It may sound paradoxical but often because of such happiness one has to go through tough times and because of dark days one actually has the chance to work ones way skillfully towards brighter joy not known to the average man. It is exactly this superficial happiness which often kills the effort to develop a deep state of mind, unshakable by worldly happenings.
Observe children and one can see how close tears of happiness and sadness are joined together; observe Sri Lankans and one can see anywhere teeth as a result of their ability to smile. Yet seldom do I notice the same 'white' for the opposite reason: anger. But unfortunately it does happen, as some natives assure me. Yet being a monk, such dark situations at dark places in dark hours, are seldom experienced by me.
Here people can wait for hours at a bus-stand - nobody complains; the electricity goes off - "No problem!", as one of the most common terms literally means; a public service is on strike - soon the public is used to it; the harvest is lost or there is shortage of water - somehow one can survive without it; etc.
I know too well how people who are used to a better functioning world react impatiently in such situations. "These things are not of much value to Sri Lankans," a Sinhalese monk told me once, "but about family, cast, a love-affair or property, people here get really emotional."
We Westerners often get asked and not seldom annoyed by questions like if ones parents are still alive, how many brothers and sisters one has, etc. We just don't care much about that. But here, they may even kill each other or themselves because of such issues.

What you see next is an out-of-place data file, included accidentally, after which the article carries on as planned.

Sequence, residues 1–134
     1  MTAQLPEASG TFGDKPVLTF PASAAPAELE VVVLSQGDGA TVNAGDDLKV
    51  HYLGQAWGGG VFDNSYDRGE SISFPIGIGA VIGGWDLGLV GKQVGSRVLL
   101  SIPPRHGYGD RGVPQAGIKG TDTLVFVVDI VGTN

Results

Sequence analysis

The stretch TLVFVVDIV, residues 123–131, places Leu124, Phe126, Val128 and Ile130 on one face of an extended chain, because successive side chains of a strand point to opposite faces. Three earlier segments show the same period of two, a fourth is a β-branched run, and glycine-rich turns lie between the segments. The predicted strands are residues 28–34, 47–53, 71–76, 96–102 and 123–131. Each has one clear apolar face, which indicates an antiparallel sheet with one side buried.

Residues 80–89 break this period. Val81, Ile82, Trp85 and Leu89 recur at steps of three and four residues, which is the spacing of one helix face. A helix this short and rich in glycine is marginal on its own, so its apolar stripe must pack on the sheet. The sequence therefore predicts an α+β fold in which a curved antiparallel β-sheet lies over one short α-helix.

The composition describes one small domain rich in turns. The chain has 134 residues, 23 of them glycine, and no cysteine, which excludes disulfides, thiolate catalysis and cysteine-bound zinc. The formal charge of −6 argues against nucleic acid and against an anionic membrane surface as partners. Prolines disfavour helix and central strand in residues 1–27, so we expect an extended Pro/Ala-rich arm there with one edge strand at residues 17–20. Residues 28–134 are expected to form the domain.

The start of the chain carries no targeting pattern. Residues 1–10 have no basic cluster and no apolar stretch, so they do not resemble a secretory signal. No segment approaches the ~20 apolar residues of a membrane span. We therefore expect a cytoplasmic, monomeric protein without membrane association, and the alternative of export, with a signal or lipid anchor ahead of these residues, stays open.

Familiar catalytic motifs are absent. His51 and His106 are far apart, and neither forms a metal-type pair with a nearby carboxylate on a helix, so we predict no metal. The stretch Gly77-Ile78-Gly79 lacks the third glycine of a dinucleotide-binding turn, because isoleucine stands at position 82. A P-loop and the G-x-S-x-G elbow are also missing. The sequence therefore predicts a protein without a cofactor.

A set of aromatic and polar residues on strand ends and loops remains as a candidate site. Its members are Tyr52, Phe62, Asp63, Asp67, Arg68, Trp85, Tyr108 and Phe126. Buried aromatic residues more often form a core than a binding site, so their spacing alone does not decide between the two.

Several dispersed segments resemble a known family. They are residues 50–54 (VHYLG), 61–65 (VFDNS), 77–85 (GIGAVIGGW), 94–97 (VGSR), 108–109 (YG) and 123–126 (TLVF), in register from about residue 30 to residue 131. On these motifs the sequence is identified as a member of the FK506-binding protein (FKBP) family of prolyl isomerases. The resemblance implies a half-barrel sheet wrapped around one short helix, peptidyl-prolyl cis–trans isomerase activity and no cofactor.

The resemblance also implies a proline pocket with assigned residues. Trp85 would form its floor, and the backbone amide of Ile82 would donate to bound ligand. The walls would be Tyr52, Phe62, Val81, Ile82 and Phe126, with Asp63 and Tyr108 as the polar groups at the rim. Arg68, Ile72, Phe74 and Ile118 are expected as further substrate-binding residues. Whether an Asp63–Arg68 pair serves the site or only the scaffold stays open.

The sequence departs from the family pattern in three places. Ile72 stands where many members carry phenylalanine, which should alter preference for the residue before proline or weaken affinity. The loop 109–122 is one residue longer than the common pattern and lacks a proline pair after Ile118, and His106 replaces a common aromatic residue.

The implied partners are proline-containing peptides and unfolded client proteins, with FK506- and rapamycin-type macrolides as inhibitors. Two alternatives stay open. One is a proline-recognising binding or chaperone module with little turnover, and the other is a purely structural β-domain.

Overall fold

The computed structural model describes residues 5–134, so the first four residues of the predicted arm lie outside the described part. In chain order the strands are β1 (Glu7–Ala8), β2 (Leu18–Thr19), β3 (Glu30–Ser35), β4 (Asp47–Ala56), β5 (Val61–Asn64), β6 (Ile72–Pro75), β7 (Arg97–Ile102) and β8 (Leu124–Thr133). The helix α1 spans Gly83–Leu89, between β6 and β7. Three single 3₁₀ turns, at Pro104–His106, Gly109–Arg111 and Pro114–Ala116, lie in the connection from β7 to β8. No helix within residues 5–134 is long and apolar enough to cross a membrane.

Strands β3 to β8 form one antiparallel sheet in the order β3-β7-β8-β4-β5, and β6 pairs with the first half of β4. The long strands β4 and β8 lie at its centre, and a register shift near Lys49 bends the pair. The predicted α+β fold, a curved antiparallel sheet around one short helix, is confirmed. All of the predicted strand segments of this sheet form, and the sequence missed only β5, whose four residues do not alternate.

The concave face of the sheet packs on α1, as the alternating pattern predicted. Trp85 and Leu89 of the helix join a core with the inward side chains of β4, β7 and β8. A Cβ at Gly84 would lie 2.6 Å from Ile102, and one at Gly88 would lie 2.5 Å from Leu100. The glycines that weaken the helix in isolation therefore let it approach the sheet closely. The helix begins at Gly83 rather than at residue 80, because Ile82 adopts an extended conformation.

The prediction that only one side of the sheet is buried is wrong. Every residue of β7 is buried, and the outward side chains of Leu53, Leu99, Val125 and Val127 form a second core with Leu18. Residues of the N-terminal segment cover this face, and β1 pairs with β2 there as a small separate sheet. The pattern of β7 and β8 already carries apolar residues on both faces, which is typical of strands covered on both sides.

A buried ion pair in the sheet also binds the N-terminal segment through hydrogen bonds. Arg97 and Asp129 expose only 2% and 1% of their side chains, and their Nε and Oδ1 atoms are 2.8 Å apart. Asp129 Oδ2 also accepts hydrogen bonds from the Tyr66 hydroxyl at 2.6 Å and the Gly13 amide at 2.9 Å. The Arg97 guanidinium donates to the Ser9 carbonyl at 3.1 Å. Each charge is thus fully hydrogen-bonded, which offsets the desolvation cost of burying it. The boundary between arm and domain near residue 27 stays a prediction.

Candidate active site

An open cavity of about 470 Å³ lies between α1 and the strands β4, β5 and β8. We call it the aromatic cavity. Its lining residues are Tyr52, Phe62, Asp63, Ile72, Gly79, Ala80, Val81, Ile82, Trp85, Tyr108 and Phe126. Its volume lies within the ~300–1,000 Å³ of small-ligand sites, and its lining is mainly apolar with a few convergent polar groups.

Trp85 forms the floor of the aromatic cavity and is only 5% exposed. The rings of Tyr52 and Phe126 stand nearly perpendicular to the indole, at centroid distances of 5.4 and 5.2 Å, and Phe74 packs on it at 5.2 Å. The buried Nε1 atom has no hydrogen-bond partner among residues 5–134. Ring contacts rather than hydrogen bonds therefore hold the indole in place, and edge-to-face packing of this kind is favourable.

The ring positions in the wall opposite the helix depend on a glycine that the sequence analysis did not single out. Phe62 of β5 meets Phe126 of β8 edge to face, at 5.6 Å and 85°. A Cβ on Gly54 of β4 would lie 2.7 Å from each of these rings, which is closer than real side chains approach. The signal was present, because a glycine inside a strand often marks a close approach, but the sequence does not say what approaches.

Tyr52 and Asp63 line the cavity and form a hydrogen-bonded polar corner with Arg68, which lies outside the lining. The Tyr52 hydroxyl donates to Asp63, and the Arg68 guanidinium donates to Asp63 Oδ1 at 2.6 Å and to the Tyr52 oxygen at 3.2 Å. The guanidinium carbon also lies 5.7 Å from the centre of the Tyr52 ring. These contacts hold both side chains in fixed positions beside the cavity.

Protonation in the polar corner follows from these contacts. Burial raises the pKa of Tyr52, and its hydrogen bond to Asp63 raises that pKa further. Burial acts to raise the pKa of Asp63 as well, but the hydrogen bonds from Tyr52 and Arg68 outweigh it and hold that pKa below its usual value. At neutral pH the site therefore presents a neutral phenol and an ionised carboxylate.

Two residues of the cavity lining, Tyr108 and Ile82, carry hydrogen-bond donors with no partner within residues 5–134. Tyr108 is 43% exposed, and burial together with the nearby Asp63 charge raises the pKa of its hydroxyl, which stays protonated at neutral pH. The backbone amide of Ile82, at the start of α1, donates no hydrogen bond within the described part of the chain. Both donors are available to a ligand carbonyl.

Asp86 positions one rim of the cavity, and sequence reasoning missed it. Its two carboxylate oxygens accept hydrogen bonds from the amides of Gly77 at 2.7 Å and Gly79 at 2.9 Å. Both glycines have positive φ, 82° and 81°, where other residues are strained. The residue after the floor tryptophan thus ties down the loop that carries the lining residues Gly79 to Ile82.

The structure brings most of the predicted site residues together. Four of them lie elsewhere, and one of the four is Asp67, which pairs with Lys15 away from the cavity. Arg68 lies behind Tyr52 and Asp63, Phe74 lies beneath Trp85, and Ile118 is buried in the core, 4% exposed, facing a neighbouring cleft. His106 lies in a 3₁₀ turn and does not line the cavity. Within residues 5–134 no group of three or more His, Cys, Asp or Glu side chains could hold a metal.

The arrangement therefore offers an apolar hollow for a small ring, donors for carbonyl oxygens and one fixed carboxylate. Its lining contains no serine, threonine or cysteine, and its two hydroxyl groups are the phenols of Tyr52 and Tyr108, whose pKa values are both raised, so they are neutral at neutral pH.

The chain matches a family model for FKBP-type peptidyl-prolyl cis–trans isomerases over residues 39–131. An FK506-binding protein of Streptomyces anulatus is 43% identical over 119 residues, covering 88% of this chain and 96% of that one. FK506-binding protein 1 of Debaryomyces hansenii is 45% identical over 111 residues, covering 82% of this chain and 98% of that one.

I feel touched by how people here care for their family: the parents for the children and the children for the parents. And, in a small village one may get the impression that it is one big family. That the elder-ones are getting 'stored' in old peoples-homes or that children are only embraced through material 'love' is hardly a known phenomena in the East, especially not among the poor.
This care and love for the dear-ones brings happiness; but having grown into attachments, suffering will surely show its ugly features, often unexpected and never wanted. Then, waves of emotions will flood the spheres of wisdom and equanimity. And, only in such an unreflective state of mind, can spontaneous disastrous actions, like suicide, be committed.
We in the West tend to think, think a lot, think too much. Before one transforms a thought into action, which may also be the thought of killing oneself, it has been carried around for a long time, changed, left aside and taken up again. In the case of suicide, the heart is being slowly and invisibly killed, long before one kills the body. But in Sri Lanka, different, and for us foreigners more illogical - psycho'logical,' laws seem to form the rhythm of life and death.
Nobody likes to have suffering as a 'teacher.' But, if wisdom is not enough, suffering becomes the only 'companion' able to inspire us to grow towards real happiness. Those overpowered by it and those who do not have enough spiritual or even worldly grounding, see the solution in the destruction of their body; a disastrous act which only dissolves the very base to overcome the problem of life.
"Every day is like a butterfly", a friend once wrote to me, and killing oneself means to kill that butterfly. It's a useless deed which robs the morning-dawn the hope for a sunny day, the noon's heat the hope for a cooling breeze, the evening-mood the hope for a good rest, and sleep the hope to wake up refreshed for a new day similar to a colorful butterfly and its unpredictable flight - up, down and across the wide and bountiful garden of life.
. . . But what's the use to understand this irrational phenomena rationally concerning those who have already carried out their decision to 'leave'? My hope is that there might be some benefit for those who are left behind in a world where suffering can cause opposite results: To get transformed by it into a heap of misery, longing for life's end, or to transform oneself through it towards a deeper and clearer understanding of life and the joy which springs from it. This pure spring is in every one of us; we just have to learn the art of drinking from it.